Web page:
The Supreme Court: Norwegian management does not give non-resident companies a tax liability to Norway

The judgment provides important clarifications with regards to the requirements for a non-resident taxpayer to have a limited tax liability to Norway for activities on the Norwegian continental shelf.

In short; Odfjell Rig Ltd., a company registered and resident in Bermuda, had a 53% ownership of Deep Sea Drilling Company II KS (hereinafter referred to as the Owner Company). The Owner Company owned a rig (Deep Sea Bergen) that was leased out on bareboat terms to a Norwegian operating company. The operating company used the rig to fulfil a drilling contract with Statoil on the Norwegian continental shelf. The management of the rig was outsourced to Odfjell Drilling AS. The main issue of the case was whether Odfjell Rig Ltd, through its ownership interests in the Owner Company, had a limited tax liability to Norway for the income from leasing out the rig, i.e. if the leasing business should be considered operated from Norway.

The state argued that Odfjell Rig Ltd. was liable to pay tax to Norway pursuant to the Norwegian Tax Act section 2-3 (1) (b) which, inter alia, states that a non-resident taxpayer becomes liable to tax to Norway for income from activities he operates or participates in that are operated or managed from Norway. The state was of the opinion that Odfjell Rig Ltd. through its ownership in the Owner Company, and because many of the company's functions was outsourced to Odfjell Drilling AS, had to be considered as operating its business in Norway.

Odfjell Rig Ltd. contested that the company had a tax liability to Norway. It was argued that the decision to lease out the rig was made by the partners' meeting in the Owner Company abroad. The services provided by the Norwegian management company should be regarded as support functions, and could not cause the Owner Company's business to be regarded as operated from Norway.

The Supreme Court majority (dissent 4-1) was in support of Odfjell Rig Ltd. The Supreme Court stated (paragraph 66 of the judgment) that the Owner Company's business consisted of leasing out capital intensive operating equipment for a significant rental fee. The court emphasised that the actual leasing of the rig – i.e. making the rig available for the lessee – both formally and in reality was decided and carried out by the partners' meeting abroad, and not by the management company in Norway. Furthermore, the court stated that the functions that the Norwegian management company performed had to be regarded as support functions for the Owner Company for the implementation of the bareboat contract, and that these functions were limited in scope and of very limited value. First voting justice concludes (Wiersholm translation):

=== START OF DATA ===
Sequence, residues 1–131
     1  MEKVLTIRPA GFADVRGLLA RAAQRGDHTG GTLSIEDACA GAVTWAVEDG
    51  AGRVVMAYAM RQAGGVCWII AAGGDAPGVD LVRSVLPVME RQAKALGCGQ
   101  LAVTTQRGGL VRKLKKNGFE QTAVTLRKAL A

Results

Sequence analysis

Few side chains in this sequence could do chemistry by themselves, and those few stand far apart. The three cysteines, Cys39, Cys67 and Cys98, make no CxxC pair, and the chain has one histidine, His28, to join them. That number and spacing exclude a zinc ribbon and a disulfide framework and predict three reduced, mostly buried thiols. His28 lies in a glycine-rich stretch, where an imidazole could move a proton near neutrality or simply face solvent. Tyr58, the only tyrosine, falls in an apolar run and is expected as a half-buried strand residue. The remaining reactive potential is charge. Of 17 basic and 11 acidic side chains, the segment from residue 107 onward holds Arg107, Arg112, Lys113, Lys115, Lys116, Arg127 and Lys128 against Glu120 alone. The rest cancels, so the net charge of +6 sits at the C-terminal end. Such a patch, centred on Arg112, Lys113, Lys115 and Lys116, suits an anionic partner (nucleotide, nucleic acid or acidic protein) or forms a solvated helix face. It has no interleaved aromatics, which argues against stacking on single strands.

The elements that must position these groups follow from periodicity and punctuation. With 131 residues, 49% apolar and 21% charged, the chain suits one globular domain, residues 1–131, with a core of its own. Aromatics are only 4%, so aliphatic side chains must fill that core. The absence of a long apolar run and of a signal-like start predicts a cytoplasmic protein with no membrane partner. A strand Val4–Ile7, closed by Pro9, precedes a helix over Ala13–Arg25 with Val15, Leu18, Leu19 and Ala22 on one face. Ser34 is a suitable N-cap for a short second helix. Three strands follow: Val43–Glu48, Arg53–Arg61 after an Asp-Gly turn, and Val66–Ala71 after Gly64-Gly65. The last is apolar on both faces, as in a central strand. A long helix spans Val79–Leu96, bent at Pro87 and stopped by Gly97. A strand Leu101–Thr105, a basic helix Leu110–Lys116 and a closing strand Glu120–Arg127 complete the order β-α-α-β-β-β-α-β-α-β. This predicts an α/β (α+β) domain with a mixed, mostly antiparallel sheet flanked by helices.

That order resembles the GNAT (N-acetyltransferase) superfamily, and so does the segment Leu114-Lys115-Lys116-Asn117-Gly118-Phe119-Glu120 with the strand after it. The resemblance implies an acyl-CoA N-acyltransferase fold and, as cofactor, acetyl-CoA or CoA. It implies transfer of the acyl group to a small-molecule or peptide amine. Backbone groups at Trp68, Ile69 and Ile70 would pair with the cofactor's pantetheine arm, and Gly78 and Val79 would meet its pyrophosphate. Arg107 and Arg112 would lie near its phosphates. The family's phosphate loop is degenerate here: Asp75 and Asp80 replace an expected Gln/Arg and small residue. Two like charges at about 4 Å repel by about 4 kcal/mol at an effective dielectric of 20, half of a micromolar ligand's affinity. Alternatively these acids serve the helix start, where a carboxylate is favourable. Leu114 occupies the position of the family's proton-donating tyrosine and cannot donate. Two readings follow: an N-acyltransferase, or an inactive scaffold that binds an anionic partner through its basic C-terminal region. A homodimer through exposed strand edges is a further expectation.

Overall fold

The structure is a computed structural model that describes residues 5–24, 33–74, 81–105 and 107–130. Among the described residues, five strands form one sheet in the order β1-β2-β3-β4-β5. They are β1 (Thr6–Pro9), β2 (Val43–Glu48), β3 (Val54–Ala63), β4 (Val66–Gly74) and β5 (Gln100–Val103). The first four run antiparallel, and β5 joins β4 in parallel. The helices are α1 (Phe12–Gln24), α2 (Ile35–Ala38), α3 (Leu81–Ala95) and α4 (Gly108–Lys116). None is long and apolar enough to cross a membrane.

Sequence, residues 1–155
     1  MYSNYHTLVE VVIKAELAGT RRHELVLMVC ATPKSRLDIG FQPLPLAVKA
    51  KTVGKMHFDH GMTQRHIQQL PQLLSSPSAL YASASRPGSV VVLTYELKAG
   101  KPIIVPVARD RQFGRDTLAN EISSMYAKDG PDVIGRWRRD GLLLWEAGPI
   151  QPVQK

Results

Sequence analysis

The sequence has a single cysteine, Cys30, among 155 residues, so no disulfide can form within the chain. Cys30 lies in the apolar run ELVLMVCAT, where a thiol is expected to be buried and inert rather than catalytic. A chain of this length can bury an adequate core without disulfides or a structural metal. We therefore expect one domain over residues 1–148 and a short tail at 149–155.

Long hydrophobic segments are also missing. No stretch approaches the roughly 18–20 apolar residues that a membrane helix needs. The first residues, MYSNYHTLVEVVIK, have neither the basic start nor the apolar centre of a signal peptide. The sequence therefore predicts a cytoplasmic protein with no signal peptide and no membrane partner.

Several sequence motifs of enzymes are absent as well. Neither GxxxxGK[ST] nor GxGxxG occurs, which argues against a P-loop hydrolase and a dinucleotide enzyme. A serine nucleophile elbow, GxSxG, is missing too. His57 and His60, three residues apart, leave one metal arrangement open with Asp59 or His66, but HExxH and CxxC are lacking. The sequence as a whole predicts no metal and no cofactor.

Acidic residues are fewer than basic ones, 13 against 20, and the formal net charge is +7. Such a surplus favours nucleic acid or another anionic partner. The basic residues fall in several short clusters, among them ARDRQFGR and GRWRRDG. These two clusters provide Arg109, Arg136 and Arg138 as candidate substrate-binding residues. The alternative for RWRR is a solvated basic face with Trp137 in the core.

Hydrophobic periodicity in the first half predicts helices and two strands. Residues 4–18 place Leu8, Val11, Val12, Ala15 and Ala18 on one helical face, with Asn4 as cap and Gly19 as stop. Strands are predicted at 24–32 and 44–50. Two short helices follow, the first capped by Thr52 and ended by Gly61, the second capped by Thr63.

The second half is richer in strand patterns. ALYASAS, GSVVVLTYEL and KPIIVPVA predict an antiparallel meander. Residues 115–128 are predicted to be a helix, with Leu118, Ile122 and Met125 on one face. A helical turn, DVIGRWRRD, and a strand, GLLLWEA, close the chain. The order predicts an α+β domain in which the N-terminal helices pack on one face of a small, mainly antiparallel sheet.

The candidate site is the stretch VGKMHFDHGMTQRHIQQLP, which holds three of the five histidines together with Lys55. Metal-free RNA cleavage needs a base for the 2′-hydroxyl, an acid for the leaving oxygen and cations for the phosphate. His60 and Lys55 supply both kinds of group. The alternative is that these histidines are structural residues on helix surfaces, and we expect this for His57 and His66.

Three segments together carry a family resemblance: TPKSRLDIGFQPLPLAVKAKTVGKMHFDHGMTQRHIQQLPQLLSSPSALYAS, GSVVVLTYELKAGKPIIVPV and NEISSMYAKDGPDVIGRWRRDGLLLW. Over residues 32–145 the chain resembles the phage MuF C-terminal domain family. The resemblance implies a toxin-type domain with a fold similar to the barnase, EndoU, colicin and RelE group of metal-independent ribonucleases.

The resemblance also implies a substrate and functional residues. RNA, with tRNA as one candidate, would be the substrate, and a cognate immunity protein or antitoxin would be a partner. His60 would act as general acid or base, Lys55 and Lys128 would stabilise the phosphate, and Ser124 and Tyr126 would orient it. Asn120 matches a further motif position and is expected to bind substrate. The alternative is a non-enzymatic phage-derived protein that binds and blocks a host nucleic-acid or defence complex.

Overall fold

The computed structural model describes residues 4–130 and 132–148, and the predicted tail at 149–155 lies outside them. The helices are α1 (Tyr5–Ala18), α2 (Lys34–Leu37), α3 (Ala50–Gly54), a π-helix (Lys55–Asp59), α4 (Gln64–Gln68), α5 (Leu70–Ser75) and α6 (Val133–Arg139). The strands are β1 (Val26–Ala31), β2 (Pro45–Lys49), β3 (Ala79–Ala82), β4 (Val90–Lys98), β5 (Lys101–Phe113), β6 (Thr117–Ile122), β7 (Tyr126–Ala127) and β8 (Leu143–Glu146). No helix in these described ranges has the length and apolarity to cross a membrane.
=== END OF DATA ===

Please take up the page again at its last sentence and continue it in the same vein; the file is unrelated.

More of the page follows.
Accordingly, the compensation is not primarily rooted in the accomplishments performed within the borders of this country. The requirement for a primary connection between the contract compensation and the operation performed in Norway is therefore not fulfilled. This assessment is not changed by the fact that the support functions are necessary for the contractual relations to be accomplished.

The conclusion is that the bareboat leasing business of the Owner Company, in which Odfjell Rig Ltd. had an ownership interest, is not operated from Norway in a way that created a tax liability to Norway. The tax authorities' decision was consequently revoked.

The Supreme Court's clarification in this case is important, as it is stated that a rig- owning company that conducts its leasing business from abroad is not taxable in Norway, even if the rig is leased out on bareboat conditions to an operating company on the Norwegian continental shelf and the management functions are handled by a Norwegian management company.

The Supreme Court delivered its judgment on 14 December 2015. The ruling can be read in its entirety here (in Norwegian only).